In the water preservation sector, there is a continuing debate between rainwater harvesting supporters and those who for the possibility of water recycling to meet domestic purposes. Says MN Thippeswamy, Retired Chief Engineer-Super Time, Bangalore Water Supply and Sewerage Board (BWSSB): “Wastewater recycling can meet more than 20 per cent of the city’s daily requirements.'' Besides, it produces optimistic effects such as cleansed lakes, rivers and groundwater. (The pie-chart on ‘Strategy for Sustainable Water Supply to Bangalore’ evaluated the effectiveness of wastewater recycling at 10 per cent and rainwater harvesting at 20 per cent.)
Out of 1,600 million liters of day (MLD) of sewage that the city produces (about 80 per cent of water consumed is wastage, as a general rule), only about 600 MLD is conducted by about 25 plants established by the BWSSB and apartment complexes, the total installed capacity being about 1,500 MLD. Of this 600 MLD, no more than a tenth is reused. For instance, the Yelahanka tertiary treatment plant supplies water for other uses apart from drinking to the Kempegowda International Airport and a few other institutions. Most purification plants use a wastewater recycling system to treat water till the secondary stage, making it suitable for releasing it into the lakes or for definite industrial utilization such as cooling.
Anant S Kodavasal notices, Director, Ecotech, a company that builds up sewage recycling plants and manages O&M for apartment complexes and industrial plants in Bangalore and other places: “There are at least 2,500 STPs in apartment complexes in Bangalore which can efficiently treat 350 MLD of sewage. This works out to 20 per cent of total sewage produced. However, 80 per cent of these plants as well as the ones managed by BWSSB are no longer in use.”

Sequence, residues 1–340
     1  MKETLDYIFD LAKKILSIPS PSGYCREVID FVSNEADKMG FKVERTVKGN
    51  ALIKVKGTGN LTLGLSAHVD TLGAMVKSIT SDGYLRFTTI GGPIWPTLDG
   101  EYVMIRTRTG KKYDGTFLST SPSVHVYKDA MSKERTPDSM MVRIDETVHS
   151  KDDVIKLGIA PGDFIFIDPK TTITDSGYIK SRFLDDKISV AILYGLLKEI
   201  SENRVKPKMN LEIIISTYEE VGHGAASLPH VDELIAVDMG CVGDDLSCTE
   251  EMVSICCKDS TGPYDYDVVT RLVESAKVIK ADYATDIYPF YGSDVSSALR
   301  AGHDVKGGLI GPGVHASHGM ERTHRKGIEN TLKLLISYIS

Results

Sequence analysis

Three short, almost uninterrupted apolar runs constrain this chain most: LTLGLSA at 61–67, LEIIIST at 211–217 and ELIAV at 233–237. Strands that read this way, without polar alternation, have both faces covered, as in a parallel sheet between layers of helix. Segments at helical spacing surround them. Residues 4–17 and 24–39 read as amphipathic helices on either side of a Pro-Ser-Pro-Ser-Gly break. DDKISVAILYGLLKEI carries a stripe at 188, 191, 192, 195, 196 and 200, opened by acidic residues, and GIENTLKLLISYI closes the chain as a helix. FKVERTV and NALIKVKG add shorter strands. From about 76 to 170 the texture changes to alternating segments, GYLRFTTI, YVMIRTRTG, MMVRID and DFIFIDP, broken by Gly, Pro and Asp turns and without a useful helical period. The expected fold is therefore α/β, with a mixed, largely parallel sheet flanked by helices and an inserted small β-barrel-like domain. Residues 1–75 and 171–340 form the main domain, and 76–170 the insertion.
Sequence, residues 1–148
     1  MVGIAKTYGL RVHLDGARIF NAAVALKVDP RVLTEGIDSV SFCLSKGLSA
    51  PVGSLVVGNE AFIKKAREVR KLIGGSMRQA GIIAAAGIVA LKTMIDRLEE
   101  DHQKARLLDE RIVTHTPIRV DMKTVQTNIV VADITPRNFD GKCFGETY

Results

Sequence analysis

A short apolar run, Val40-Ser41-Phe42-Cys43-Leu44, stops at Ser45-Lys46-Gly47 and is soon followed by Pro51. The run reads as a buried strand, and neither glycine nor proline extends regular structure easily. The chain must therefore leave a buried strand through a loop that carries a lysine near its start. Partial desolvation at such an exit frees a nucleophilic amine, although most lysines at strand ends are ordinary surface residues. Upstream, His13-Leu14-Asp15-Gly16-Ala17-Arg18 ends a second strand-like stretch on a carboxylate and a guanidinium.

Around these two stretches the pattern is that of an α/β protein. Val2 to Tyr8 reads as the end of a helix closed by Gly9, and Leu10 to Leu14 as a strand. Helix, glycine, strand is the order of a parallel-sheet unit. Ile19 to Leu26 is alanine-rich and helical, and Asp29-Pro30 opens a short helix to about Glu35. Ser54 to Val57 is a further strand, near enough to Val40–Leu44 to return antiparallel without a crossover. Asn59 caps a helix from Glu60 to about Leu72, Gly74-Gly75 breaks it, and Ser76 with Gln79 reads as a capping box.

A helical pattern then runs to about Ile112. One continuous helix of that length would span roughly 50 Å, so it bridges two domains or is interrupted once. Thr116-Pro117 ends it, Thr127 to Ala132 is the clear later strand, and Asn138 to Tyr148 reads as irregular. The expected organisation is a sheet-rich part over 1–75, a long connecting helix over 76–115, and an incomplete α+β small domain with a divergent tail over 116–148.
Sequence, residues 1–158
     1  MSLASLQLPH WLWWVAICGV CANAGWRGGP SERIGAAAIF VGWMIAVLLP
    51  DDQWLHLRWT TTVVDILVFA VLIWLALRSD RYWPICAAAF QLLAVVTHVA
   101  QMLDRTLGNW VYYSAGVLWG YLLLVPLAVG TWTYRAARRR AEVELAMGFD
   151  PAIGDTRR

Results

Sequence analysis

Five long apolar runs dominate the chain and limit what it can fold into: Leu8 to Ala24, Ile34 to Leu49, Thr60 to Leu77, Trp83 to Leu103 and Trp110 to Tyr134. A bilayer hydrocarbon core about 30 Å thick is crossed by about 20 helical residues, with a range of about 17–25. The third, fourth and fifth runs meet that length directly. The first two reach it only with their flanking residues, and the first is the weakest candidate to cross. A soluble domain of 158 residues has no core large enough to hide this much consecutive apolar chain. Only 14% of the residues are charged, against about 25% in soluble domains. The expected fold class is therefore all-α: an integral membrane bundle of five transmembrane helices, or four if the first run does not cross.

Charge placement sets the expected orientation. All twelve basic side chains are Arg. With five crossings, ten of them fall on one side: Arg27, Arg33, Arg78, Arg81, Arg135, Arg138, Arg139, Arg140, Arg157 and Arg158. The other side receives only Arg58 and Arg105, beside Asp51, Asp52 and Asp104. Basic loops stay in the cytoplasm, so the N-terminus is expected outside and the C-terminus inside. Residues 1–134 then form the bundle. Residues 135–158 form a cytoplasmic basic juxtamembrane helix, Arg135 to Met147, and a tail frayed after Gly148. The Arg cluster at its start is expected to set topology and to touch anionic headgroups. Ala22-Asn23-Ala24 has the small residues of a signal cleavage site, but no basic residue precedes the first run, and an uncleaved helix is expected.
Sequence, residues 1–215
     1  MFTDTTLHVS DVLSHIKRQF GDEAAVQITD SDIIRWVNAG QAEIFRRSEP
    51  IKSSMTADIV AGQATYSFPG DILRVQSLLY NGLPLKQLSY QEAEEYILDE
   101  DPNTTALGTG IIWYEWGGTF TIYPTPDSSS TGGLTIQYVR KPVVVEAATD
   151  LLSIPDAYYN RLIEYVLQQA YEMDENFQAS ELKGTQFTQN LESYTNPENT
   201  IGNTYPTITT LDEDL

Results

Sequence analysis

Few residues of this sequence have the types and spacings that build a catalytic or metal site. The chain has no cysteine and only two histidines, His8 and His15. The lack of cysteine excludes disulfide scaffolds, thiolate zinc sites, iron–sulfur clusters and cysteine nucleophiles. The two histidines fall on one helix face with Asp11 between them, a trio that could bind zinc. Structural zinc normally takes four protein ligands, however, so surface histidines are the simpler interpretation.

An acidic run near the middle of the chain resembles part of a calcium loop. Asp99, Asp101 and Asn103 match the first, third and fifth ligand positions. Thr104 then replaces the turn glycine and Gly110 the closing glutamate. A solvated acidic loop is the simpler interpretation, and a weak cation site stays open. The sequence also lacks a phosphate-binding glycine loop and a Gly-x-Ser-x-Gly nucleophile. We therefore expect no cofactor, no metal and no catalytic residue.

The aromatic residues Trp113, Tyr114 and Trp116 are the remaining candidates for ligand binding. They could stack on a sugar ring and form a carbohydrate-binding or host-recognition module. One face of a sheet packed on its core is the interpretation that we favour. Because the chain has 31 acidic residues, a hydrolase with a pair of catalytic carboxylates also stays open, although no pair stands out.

Strikingly, Bangalore, according to State government sources, is planning to process sewage for drinking purposes using a wastewater recycling system. A project that is likely to get Central funds will clean sewage of the Vrishabhavathi river flowing in the south-western side till the third stage and put that water into the Arkavathi river in the south-eastern side which, in turn, will be treated for drinking.
“This is like the Singapore model, where water is reprocessed and in a roundabout manner sent back to households, so that preconceptions are also considered,” Tippeswamy explains.
In Delhi, the condition is better on paper. A consumption of 3,420 MLD leads to waste water of over 2,600 MLD, of which 1,600 MLD is treated and 338 MLD is reused. However, that does not clearly describe the reason behind Yamuna becoming a dirty river. The Delhi government admits that the slow flow of sewage in STPs, and trunk and outer sewer lines still to be joined to them has obstructed the performance of water purification.
The waste water treatment situation is much inferior in Mumbai. According to officials in the Municipal Corporation of Greater Mumbai (MCGM), out of 3,750 MLD supplies, 2,300-2,400 MLD flows into the sea, almost contaminated. MCGM officials assert that its seven STPs are working. Tenders have been put down for six sewage treatment plants, which will purify 2,600-2,700 MLD. Construction is expected to begin in October.
The treated water will be used for other purposes such as toilets and washing of trains. An investment of ₹6,000 crore will be required to transform grey water into clean drinking water, officials say.